dc.description.abstractObjective: Endovascular procedures have become an integral part of a vascular surgeon's practice. The exposure of surgeons to ionizing radiation and other safety issues have not been well studied. We investigated the radiation exposure of a team of vascular surgeons in an active endovascular unit and compared yearly dosages absorbed by various body parts among different surgeons. Patients' radiation exposure was also assessed. Methods: The radiation absorption of a team of vascular surgeons was prospectively monitored in a 12-month period. During each endovascular procedure, the effective body, eye, and hand radiation doses of all participating surgeons were measured by mini-thermoluminescent dosimeters (TLD) attached at the chest level under a lead apron, at the forehead at eye level, and at the hand. The type of procedure, fluoroscopy machine, fluoroscopy time, and personal and operating theatre radiation protection devices used in each procedure were also recorded. One TLD was attached to the patient's body near the operative site to measure the patient's dose. The yearly effective body, eye, and hand dose were compared with the safety limits of radiation for occupational exposure recommended by the International Commission on Radiation Protection (ICRP). The radiation absorption of various body parts per minute of fluoroscopy was compared among different surgeons. Results: A total of 149 consecutive endovascular procedures were performed, including 30 endovascular aortic repairs (EVAR), 58 arteriograms with and without embolization (AGM), and 61 percutaneous transluminal angioplasty and stent (PTA/S) procedures. The cumulative fluoroscopy time was 1132 minutes. The median yearly effective body, eye, and hand dose for the surgeons were 0.20 mSv (range, 0.13 to 0.27 mSv), 0.19 mSv (range, 0.10 to 0.33 mSv) and 0.99 mSv (0.29 to 1.84 mSv) respectively, which were well below the safety limits of the ICRP. The mean body, eye, and hand dose of the chief surgeon per procedure were highest for EVAR. A significant discrepancy was observed for the average hand dose per minute of fluoroscopy among different surgeons. The mean radiation absorption of patients who underwent EVAR, AGM, and PTA/S was 12.7 mSv, 13.6 mSv, and 3.4 mSv, respectively. Conclusion: With current radiation protection practice, the radiation absorbed by vascular surgeons with a high endovascular workload did not exceed the safety limits recommended by ICRP. Variations in practice, however, can result in significant discrepancy of radiation absorption between surgeons. © 2007 The Society for Vascular Surgery.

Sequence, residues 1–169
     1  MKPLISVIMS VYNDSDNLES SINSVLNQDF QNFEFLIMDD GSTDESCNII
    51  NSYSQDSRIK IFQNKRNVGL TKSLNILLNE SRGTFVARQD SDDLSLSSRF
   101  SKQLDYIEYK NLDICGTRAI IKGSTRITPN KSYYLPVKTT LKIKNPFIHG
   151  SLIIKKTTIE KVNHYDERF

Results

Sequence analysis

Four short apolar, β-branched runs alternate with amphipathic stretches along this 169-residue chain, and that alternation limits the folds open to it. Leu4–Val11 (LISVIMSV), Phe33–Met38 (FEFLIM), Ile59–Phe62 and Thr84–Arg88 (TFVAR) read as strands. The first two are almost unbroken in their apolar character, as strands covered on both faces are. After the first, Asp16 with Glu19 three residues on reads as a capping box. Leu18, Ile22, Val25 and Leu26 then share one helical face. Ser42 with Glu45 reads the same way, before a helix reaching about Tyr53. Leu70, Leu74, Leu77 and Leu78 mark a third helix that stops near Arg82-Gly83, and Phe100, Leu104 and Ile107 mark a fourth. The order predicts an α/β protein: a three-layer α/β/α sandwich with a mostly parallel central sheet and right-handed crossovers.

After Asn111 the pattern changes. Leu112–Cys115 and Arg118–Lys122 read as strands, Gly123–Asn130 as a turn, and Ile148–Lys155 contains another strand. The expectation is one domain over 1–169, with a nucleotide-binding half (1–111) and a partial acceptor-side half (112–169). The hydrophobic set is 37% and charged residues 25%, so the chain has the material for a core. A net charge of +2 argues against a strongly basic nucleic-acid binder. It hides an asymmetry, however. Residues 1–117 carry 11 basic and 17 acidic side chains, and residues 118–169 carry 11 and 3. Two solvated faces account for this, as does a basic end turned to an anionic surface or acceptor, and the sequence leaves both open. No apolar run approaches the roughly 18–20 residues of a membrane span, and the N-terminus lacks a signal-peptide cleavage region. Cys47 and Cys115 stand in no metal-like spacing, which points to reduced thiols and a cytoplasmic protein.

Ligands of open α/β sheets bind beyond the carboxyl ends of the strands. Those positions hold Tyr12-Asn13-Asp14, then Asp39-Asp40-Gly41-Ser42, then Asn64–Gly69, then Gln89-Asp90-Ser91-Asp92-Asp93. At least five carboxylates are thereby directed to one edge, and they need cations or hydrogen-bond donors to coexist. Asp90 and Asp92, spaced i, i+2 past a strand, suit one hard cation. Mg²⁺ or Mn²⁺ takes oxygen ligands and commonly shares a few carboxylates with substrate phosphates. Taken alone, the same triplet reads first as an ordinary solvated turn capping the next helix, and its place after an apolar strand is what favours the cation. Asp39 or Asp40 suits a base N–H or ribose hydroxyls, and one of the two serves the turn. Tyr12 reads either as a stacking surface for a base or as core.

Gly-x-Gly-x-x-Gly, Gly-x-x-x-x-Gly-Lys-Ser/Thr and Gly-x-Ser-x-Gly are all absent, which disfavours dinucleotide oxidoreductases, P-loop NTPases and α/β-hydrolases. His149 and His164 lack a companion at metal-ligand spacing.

dc.description.natureLink_to_subscribed_fulltext
 
dc.identifier.citationJournal Of Vascular Surgery, 2007, v. 46 n. 3, p. 455-459 [How to Cite?]
DOI: http://dx.doi.org/10.1016/j.jvs.2007.04.034
 
dc.identifier.doihttp://dx.doi.org/10.1016/j.jvs.2007.04.034
 
dc.identifier.eissn1097-6809
 
dc.identifier.epage459
 
dc.identifier.hkuros138352
 
dc.identifier.isiWOS:000249315500011
 
dc.identifier.issn0741-5214
2012 Impact Factor: 2.879
2012 SCImago Journal Rankings: 1.715
 
dc.identifier.issue3
 
dc.identifier.openurl
 
dc.identifier.pmid17826233
 
dc.identifier.scopuseid_2-s2.0-34548429967
 
dc.identifier.spage455
 
dc.identifier.urihttp://hdl.handle.net/10722/83337
 
dc.identifier.volume46
 
dc.languageeng
 
dc.publisherMosby, Inc. The Journal's web site is located at http://www.elsevier.com/locate/jvs
 
dc.publisher.placeUnited States
 
dc.relation.ispartofJournal of Vascular Surgery
 
dc.relation.referencesReferences in Scopus
 
dc.rightsJournal of Vascular Surgery. Copyright © Mosby, Inc.
 
dc.subject.meshAortic Aneurysm - surgery
 
dc.subject.meshBlood Vessel Prosthesis Implantation
 
dc.subject.meshHumans
 
dc.subject.meshOccupational Exposure
 
dc.subject.meshProspective Studies
 
dc.subject.meshRadiation Injuries - prevention & control
 
dc.subject.meshRadiation Monitoring
 
dc.subject.meshRadiation Protection
 
dc.subject.meshRadiography, Interventional
 
dc.subject.meshVascular Surgical Procedures - methods
 
dc.titleIonizing radiation absorption of vascular surgeons during endovascular procedures
 
dc.typeArticle
 
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Author Affiliations
  1. Radiation Health Unit
  2. Queen Mary Hospital Hong Kong